Keney Park

Keney Park, designed by the Olmstead Brothers, sons of Frederick Law Olmstead, who designed Central Park in New York City, is one of the largest municipal parks in New England. It has 695 acres, 100 of which extend into Windsor. This park was initiated in 1896 when Reverend Francis Goodwin, chairman of Hartford's Board of Park Commissioners, convinced merchants Henry and Walter Keney to will a large part of their property for a park. It was built in 1902 and was designed with four granite pavilions arranged in a semi-circle. The park was to appear completely natural, characterized by "rolling wild pasture land and the traditional forests of the New England landscape". The park would later have an 18-hole golf course, cricket fields, tennis courts, horseback trails, baseball fields, a swimming pool, and playgrounds. It even had a zoo and a sheep farm at one time. The entrance was badly damaged during the 1938 hurricane. © Windsor Historical Society.
Historic Sites Points of Interest
Restaurants and Food Shopping
Attractions Freedom Trail
All Points
Old Poquonock Burying Ground
Poquonock Bridge
Keney Park
The Elijah Barber House
Wilson Fire House
Samuel and Elijah Mills House
Taylor and Fenn
Capt. Thomas Allyn House
Mills House
Deerfield World War II Honor Roll
Windsor/Deerfield Garden Apartments
St. Gabriel Church, 1916
Col. Oliver Mather House at the Windsor Public Library, 1777
To the Patriots of Windsor, 1929
Grace Episcopal Church, 1865
Plaza Building, 1929
Rev. Reuel Hotchkiss Tuttle House, 1865
Veterans of Foreign Wars Building, 1941
Huntington House, 1902
Windsor Trust Building, 1929
Mack Brick Plaque, 1830
Roger Ludlow Plaque, 1914
Windsor Town Hall, 1965-1967
Loomis Fountain, 1903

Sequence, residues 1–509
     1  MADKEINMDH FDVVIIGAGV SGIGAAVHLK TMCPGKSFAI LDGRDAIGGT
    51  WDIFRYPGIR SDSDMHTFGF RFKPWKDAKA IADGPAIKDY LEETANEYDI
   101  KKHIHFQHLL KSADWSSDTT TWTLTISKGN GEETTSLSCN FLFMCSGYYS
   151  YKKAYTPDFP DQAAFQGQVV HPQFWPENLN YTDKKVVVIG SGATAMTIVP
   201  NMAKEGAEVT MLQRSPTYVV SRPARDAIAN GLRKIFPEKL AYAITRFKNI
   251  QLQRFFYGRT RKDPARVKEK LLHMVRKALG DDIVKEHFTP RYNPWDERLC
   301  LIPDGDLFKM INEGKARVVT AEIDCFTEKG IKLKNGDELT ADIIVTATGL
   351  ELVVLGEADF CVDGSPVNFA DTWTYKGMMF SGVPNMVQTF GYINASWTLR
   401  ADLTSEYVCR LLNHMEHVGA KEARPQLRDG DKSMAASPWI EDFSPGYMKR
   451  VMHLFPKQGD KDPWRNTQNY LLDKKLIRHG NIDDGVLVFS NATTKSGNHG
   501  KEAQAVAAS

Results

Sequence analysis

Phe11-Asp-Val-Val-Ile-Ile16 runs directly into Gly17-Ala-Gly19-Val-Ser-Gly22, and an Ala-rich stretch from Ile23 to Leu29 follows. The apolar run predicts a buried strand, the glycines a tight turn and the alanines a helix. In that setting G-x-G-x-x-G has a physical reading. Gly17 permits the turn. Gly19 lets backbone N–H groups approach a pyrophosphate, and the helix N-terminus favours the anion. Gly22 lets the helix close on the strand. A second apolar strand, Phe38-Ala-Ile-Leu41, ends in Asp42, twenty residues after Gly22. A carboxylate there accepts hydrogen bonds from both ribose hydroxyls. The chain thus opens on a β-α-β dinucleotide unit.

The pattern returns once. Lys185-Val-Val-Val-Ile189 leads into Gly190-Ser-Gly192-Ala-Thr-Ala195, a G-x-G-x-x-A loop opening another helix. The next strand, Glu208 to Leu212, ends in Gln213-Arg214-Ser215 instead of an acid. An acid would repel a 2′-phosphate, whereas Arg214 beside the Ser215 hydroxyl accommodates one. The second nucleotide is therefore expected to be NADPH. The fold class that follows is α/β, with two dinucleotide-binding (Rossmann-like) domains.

Windsor Federal Building, 1956
John E. Luddy House, 1921
Old Post Office Building, ca. 1885
Murphy Building, ca. 1875
Tobacco Reliefs, 1943
U.S. Post Office, 1963
World War I Memorial, 1920 & 1957
Col. James Loomis House, 1822
Mullaley Building, ca. 1875
World War II Memorial, ca. 1950
Mason Building, 1908
Freight House, ca. 1870
Tunxis Theater, 1922
Windsor Train Station, 1869-1870
Hayden-Thompson Building, ca. 1850
Washington Lodge #70, 1902
Warham Mill Marker, 1933
Windsor Grist and Saw Mill, ca 1862
Union Street Fire Station, 1927
Amy Archer-Gilligan House, ca. 1880
Bart's Restaurant, 1946
Farmington River Railroad Bridge, 1867
Palisado Cemetery, 1633
First Church in Windsor Meetinghouse, 1794
Strong-Howard House, 1757-1830
Rev. William Russell House, 1755
Horace Hayden Memorial, 1910
John Mason Statue, 1889 & 1996
Dr. Hezekiah Chaffee House, ca. 1767
Founders of Windsor Monument, 1930
Pierson House, 1807
Poquonock Fire Company
St. Casimir's Lithuanian Society
Elm Grove Chapel, 1894 and Cemetery
Stony Hill School
Washington Park
John Fitch High School
Roger Ludlow School
Riverside Cemetery
Joseph Rainey House
William Best House
Archer Memorial A.M.E. Zion Church
Drastic Park Dinosaur Sculptures
Windsor Historical Society

Historic Sites
Points of Interest
Restaurants - Food
Freedom Trail Sites
Contact Us
Did You Know?
Shad Selfies
©2024 Windsor Chamber of Commerce, Windsor Historical Society and First Town Downtown of Windsor, Connecticut
| Designed by HostingCT